Industry Analysis Using Porter’s Five Forces: Guide + Example

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  • Post last modified:April 23, 2024

Industry analysis is a critical part of understanding a company’s market position. It should tell you whether a company is faring better or worse than companies that offer similar products and services. At its core, industry analysis is designed to help you figure out how a company operates within an industry.

For marketing agencies, you can conduct several types of industry analysis based on your client’s needs; Porter’s Five Forces allows you to identify your standing among competitors through specific industry forces. The better you understand these forces, the better you determine how they can impact your client’s long-term profitability.

Every successful marketing strategy begins with a robust industry analysis and a deep dive into the competition. This is how to use Porter’s Five Forces to conduct an industry analysis.

What is Porter’s Five Forces?

Based on Michael Porter’s groundbreaking article for the Harvard Business Review, Porter’s Five Forces is a competitive analysis framework that helps you examine the competitive market forces in an industry or segment.

What’s Included in an Industry Analysis Using Porter’s 5 Forces?

The five forces Porter recognizes in its industry analysis method are:

  • The intensity of competitive rivalry
  • Bargaining power of suppliers
  • Bargaining power of buyers
  • Threat of substitutes
  • The threat of new entrants

According to Porter, “the collective strength of these forces determines the ultimate profit potential of an industry.”

Porter's 5 Forces
Porter’s 5 Forces


Porter’s Five Forces also has varied uses in practice. For example, in addition to helping you identify top competitors, you can use it to determine how to structure a marketing strategy as a company grows or the attractiveness of a new market. This industry analysis method will give you a clearer sense of your client’s competitive landscape.

1. Intensity of Competitive Rivalry

The number and strength of competitive rivals in an industry impact relationships with customers and suppliers. Industries with more competitive rivals make it difficult for a company to secure loyal customers because they have more options. Cost leadership and product differentiation can be effective strategies for alleviating your client’s risks in a highly competitive industry.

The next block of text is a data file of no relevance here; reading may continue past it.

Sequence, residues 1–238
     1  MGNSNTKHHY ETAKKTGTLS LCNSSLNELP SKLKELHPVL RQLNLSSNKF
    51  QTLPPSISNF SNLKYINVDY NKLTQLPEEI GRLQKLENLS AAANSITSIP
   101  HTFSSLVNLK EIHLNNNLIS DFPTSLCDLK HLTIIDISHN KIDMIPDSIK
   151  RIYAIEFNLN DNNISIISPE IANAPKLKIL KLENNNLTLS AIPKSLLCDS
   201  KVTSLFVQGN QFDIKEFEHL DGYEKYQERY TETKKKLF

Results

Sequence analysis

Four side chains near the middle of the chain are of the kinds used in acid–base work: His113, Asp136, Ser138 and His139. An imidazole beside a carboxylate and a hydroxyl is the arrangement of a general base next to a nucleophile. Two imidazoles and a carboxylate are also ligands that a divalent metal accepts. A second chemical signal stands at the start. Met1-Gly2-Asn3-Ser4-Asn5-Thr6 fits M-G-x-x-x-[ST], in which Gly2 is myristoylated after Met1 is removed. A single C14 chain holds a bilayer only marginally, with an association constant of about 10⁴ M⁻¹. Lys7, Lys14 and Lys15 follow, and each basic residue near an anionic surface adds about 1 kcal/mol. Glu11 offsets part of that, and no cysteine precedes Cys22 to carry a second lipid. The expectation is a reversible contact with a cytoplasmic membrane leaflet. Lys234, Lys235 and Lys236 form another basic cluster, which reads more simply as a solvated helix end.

Considerations for Industry Analysis: Determine the number of competitive rivals and what they offer regarding their product or service. Survey the competitive landscape to determine your opportunity level to build successful long-term relationships with customers and suppliers.

2. Bargaining Power of Suppliers

Expensive supplies and unpredictable shifts in supplier pricing impact company profitability. Ideally, your client should position themselves in an industry with many preexisting suppliers with whom they can work. If only a few suppliers are available, it’s essential to ensure that those relationships are strong and that they see the value of working with your client.

For example, if you look at a niche industry with few suppliers, those suppliers have massive power over pricing and quality. Since few alternatives are available, a company’s primary supplier has more freedom to dictate the terms of the relationship versus an industry with many suppliers.

Considerations for Industry Analysis: Find out who the primary suppliers in your industry are, how many there are, and what kind of existing relationships they may have with competitive rivals.

3. Bargaining Power of Buyers

The size of a company’s customer base can impact its ability to influence pricing and quality. For example, this is why a large grocery store chain that has stores in most states has more freedom to offer discount pricing versus a small convenience store located in a remote area. As the only store around, a remote convenience store may also have more power to charge more for groceries.

In a highly specialized industry where a handful of buyers account for most sales, those buyers can demand more of a product or service. The more buyers a company has, the less reliant it is on that small group.

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Considerations for Industry Analysis: Ensure you dig into how extensive a client’s customer base is, how much buyers are willing to spend, and how loyal that customer base is. If buyers are having issues with the pricing of a product or service, for example, your client will need to do everything they can to respond to buyer price sensitivity.

4. Threat of Substitutes

If several substitutes exist for a product or service on the market, buyers have more options to seek out similar products or services. Your client needs to ensure their product or service maintains demand among customers. That way, even if a substitute appears at some point, customers will trust the quality of their product or service regardless. For example, Microsoft Excel can be viewed as a substitute for project management software or different calendar apps.